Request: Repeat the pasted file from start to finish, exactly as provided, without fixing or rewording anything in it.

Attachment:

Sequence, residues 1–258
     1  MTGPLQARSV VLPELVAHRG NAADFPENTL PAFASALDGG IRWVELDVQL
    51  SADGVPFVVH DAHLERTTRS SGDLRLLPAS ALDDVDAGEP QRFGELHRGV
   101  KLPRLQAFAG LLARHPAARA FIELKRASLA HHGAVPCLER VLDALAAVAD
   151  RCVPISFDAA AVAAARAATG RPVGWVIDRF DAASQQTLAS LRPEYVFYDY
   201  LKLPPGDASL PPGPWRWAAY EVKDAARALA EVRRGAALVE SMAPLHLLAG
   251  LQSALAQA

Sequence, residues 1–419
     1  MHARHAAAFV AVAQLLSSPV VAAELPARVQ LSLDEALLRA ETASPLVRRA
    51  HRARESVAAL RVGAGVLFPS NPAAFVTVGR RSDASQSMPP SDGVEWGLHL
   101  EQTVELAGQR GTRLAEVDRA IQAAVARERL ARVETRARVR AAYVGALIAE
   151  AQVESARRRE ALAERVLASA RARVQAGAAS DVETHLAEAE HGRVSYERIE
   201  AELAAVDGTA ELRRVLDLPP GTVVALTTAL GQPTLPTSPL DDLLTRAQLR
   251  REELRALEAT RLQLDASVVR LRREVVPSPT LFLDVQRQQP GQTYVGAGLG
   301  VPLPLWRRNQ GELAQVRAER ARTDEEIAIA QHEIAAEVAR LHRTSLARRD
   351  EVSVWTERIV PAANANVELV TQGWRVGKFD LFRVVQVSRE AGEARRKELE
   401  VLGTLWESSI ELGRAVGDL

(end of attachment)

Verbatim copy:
Sequence, residues 1–258
     1  MTGPLQARSV VLPELVAHRG NAADFPENTL PAFASALDGG IRWVELDVQL
    51  SADGVPFVVH DAHLERTTRS SGDLRLLPAS ALDDVDAGEP QRFGELHRGV
   101  KLPRLQAFAG LLARHPAARA FIELKRASLA HHGAVPCLER VLDALAAVAD
   151  RCVPISFDAA AVAAARAATG RPVGWVIDRF DAASQQTLAS LRPEYVFYDY
   201  LKLPPGDASL PPGPWRWAAY EVKDAARALA EVRRGAALVE SMAPLHLLAG
   251  LQSALAQA

Sequence, residues 1–419
     1  MHARHAAAFV AVAQLLSSPV VAAELPARVQ LSLDEALLRA ETASPLVRRA
    51  HRARESVAAL RVGAGVLFPS NPAAFVTVGR RSDASQSMPP SDGVEWGLHL
   101  EQTVELAGQR GTRLAEVDRA IQAAVARERL ARVETRARVR AAYVGALIAE
   151  AQVESARRRE ALAERVLASA RARVQAGAAS DVETHLAEAE HGRVSYERIE
   201  AELAAVDGTA ELRRVLDLPP GTVVALTTAL GQPTLPTSPL DDLLTRAQLR
   251  REELRALEAT RLQLDASVVR LRREVVPSPT LFLDVQRQQP GQTYVGAGLG
   301  VPLPLWRRNQ GELAQVRAER ARTDEEIAIA QHEIAAEVAR LHRTSLARRD
   351  EVSVWTERIV PAANANVELV TQGWRVGKFD LFRVVQVSRE AGEARRKELE
   401  VLGTLWESSI ELGRAVGDL